Well, I don't always take my own advice so consistently and I acted from a well-rehearsed routine. You see... that the same client called again at 5:15, just 5 minutes before I was to leave and I actually accepted the call (dumb). They then proceeded on a monologue describing everything they needed "that night"... AND they even put me on hold for 10 minutes while they engaged another supplier in a conference call "to help iron out some related issues". Can you believe it? I didn't even leave til 5:45 and I was supposed to (at that time) be already halfway through family dinner... at home.

The nerve of some people, eh?


The nerve of myself. I LET them take advantage of me. As I left the building, I scolded myself mercilessly chiding that I had let myself down by taking the call. I merely should have taken control of the conversation and stated simply that my prior commitments precluded me from speaking further or even entertaining the thought of working on their project that evening... OR I should have ignored the call completely and sent an email advising that their request was not possible that evening, but that I would be happy to make it a priority in the morning.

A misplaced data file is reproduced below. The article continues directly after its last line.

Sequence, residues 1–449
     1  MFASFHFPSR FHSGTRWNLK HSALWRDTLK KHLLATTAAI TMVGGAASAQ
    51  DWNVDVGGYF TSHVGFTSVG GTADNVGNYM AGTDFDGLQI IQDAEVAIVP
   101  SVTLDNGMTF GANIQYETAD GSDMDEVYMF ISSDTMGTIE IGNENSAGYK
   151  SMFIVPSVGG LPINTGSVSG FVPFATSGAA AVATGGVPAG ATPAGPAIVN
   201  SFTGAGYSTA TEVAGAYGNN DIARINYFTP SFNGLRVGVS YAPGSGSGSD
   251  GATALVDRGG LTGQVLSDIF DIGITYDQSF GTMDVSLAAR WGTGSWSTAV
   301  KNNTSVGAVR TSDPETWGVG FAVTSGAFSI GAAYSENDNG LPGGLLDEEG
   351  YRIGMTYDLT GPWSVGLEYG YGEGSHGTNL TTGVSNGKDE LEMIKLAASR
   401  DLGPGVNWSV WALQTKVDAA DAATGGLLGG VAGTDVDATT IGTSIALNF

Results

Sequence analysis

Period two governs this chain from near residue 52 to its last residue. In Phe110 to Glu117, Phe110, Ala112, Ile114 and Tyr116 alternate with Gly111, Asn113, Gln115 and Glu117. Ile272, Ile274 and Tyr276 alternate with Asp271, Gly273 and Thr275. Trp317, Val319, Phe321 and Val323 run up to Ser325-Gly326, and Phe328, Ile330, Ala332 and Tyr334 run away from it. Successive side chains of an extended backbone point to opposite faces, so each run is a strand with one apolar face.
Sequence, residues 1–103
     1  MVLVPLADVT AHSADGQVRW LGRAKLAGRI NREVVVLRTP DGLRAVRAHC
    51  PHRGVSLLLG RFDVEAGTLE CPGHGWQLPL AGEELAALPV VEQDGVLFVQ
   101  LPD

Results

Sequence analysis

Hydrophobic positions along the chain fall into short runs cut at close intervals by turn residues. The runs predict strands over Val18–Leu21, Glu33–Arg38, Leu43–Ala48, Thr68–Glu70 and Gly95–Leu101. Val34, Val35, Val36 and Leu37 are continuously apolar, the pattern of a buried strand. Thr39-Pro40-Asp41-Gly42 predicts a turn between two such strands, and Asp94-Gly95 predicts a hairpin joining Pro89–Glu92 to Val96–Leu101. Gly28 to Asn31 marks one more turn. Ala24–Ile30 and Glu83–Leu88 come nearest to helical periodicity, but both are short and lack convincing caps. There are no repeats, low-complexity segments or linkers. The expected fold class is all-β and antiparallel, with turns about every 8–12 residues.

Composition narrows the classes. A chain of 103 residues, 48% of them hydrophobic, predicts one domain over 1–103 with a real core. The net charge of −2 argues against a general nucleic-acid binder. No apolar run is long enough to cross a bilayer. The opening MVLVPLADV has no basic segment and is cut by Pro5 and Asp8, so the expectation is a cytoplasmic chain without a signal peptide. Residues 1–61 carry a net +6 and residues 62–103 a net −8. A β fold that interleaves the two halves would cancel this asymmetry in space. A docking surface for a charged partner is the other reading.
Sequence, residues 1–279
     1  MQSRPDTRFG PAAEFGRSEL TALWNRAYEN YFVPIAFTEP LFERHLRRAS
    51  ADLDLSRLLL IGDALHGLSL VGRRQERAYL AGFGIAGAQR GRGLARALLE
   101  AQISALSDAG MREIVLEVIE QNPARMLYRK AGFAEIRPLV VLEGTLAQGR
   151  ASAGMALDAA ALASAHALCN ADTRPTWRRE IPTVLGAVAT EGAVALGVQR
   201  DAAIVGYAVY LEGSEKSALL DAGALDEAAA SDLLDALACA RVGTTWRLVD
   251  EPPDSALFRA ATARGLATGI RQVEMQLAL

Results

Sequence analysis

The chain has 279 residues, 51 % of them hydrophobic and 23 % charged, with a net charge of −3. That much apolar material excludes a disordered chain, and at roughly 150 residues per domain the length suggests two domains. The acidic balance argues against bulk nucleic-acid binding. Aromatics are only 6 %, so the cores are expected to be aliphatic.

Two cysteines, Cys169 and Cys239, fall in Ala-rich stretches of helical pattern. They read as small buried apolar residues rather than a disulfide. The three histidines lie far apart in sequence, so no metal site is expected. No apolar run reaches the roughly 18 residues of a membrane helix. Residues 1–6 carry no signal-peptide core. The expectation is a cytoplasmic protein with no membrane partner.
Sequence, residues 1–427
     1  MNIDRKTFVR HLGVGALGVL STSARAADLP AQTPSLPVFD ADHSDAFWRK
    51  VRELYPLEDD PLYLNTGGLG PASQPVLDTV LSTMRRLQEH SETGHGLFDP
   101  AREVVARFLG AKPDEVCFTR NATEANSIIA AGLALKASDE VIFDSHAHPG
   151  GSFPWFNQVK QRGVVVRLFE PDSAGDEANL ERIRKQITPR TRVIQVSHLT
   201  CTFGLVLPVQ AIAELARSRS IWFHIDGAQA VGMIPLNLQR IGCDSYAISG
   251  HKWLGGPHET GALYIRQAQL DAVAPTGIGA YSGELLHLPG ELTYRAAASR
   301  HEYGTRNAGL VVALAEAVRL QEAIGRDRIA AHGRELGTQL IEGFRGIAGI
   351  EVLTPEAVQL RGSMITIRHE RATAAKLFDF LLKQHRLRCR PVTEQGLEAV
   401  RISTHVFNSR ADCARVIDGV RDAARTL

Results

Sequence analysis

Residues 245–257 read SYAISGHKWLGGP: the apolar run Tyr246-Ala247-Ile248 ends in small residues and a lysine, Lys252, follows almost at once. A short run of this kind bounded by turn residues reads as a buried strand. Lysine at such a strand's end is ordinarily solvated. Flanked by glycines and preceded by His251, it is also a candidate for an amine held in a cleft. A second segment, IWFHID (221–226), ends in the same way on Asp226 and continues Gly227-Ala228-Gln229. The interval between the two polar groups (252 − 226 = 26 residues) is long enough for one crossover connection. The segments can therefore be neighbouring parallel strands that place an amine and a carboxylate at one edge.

When it was all said in done, the work didn't get done til the next day anyway, because 2 other suppliers upon whose work ours was contingent had some delays of their own.

Time gets ya every time. If you don't respect your own time. If you don't respect the time of other people, you will not obtain the cooperation needed to happily execute your lofty (or trivial) plans.

To conclude... don't get angry the next time someone disrespects your time. At least, don't get angry at them... Scold yourself.

Remember, no one takes advantage of your time without your permission...